Ways of Presenting Love in Ancient Sanskrit Literature
Mark Rothko, "Untitled (Violet, Black, Orange, Yellow on White and Red)," 1949: oil on canvas, 81 ½ x 66 inches (207 x 167.6 cm) - Solomon R. Guggenheim Museum, New York: Gift, Elaine and Werner Dannheisser and The Dannheisser Foundation, 1978: 78.2461



How to Cite

Baldissera, F. (2016). Ways of Presenting Love in Ancient Sanskrit Literature. Interfaces: A Journal of Medieval European Literatures, (2), 34–51. https://doi.org/10.13130/interfaces-7465
Received 2016-08-10
Accepted 2016-10-18
Published 2016-06-30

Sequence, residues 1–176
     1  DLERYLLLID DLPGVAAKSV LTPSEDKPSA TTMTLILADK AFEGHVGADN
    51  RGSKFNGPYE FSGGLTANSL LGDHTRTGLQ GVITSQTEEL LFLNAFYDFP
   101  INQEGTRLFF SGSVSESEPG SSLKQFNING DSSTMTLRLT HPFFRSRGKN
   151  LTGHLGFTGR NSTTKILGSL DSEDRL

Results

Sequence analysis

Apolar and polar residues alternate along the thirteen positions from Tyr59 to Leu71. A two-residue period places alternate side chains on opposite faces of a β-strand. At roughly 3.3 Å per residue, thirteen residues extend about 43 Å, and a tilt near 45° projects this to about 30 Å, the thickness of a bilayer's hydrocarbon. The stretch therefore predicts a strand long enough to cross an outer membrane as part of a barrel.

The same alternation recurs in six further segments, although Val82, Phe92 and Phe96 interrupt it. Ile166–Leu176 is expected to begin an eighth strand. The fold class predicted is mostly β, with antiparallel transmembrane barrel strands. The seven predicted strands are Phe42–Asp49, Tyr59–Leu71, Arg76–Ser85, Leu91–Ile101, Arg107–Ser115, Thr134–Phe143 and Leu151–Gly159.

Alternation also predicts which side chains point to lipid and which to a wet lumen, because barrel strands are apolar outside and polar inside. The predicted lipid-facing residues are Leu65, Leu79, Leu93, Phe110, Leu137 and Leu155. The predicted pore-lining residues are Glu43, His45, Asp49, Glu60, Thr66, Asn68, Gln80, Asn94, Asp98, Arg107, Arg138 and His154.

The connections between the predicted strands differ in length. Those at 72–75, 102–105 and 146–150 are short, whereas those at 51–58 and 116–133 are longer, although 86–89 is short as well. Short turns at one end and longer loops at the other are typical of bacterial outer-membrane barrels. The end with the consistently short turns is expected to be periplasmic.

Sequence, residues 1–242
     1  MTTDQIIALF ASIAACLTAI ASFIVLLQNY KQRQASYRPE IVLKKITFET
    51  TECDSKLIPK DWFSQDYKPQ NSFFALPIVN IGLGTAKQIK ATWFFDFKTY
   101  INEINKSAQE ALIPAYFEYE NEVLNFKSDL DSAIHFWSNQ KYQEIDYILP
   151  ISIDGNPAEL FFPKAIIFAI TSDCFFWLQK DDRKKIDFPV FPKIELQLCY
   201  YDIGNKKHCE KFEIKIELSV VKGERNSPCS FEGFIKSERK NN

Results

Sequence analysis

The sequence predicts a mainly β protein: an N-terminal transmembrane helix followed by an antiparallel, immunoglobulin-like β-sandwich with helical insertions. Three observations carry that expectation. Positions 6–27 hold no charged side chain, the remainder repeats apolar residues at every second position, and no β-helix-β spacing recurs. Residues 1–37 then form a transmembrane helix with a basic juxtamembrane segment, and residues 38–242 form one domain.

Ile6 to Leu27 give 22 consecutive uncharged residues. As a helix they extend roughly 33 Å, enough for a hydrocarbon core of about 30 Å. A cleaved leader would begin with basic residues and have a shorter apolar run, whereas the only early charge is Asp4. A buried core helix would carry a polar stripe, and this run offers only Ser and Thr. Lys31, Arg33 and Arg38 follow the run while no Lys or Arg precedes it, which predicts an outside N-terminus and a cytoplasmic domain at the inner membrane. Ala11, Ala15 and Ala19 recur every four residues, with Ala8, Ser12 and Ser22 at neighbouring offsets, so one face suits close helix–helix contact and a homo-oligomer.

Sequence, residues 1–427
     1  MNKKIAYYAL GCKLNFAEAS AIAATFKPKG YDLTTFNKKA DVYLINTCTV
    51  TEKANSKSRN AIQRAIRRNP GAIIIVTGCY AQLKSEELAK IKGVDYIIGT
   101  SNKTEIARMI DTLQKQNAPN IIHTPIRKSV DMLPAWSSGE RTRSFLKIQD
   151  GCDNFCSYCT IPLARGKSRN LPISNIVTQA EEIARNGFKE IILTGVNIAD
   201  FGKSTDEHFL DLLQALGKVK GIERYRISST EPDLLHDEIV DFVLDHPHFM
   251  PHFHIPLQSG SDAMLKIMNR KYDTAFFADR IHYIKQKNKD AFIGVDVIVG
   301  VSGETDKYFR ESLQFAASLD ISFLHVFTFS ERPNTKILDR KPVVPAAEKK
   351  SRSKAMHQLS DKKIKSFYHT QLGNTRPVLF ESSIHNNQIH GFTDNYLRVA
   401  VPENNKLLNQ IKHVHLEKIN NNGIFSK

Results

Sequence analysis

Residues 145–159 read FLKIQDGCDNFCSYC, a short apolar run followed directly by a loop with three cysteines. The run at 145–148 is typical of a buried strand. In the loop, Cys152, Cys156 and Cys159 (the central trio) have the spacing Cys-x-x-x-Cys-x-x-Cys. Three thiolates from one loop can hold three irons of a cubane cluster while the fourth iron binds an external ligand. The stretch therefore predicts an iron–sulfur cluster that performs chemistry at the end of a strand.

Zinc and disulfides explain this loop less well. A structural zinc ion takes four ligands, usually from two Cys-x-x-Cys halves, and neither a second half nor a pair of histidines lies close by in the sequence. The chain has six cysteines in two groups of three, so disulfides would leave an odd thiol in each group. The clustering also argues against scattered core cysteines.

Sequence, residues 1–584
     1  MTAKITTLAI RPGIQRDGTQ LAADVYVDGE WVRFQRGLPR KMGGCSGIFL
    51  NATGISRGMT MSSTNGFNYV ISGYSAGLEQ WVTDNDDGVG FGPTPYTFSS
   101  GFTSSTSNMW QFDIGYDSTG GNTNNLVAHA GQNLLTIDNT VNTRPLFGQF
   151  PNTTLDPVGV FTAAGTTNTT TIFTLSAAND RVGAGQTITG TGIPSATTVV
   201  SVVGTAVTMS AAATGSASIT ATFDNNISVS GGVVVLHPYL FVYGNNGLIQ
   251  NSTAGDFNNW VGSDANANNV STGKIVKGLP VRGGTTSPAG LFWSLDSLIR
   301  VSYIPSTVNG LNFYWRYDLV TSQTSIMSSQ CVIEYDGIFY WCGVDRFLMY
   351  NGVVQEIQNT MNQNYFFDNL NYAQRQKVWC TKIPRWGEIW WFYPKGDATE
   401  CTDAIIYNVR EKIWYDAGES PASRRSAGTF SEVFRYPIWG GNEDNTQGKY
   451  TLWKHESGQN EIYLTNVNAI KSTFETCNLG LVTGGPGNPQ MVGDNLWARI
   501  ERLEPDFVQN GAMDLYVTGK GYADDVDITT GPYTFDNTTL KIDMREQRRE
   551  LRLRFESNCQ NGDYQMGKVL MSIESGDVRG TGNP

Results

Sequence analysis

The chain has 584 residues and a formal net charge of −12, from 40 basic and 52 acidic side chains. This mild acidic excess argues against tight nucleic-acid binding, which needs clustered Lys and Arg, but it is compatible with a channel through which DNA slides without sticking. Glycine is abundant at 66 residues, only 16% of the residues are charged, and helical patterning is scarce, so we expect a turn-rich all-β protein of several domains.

This study traces the appearance and relevance of love motifs in Sanskrit texts. It deals with preclassical, classical and medieval literature, with excerpts from the Vedic scriptures, the epics, the normative texts and the courtly formalized Kāvya. Attention is paid to the change in the status of women, whose position becomes gradually more subordinate over time. Several conventional topoi of Sanskrit erotic literature are examined, such as love enjoyed in the union of the lovers, or suffered in their separation; divine love; the traditional belief that women are more passionate than men; the different religious/philosophical schools' outlook towards love; love in the dramatic theory of aesthetic experience; the importance of marriage, and marital love as opposed or complementary to illicit love. Finally there is a brief survey of a few scientific disciplines that have something to say about the experience of love, like Āyurveda, astronomy/astrology, and the treatises on Dharma and those on the science of government.


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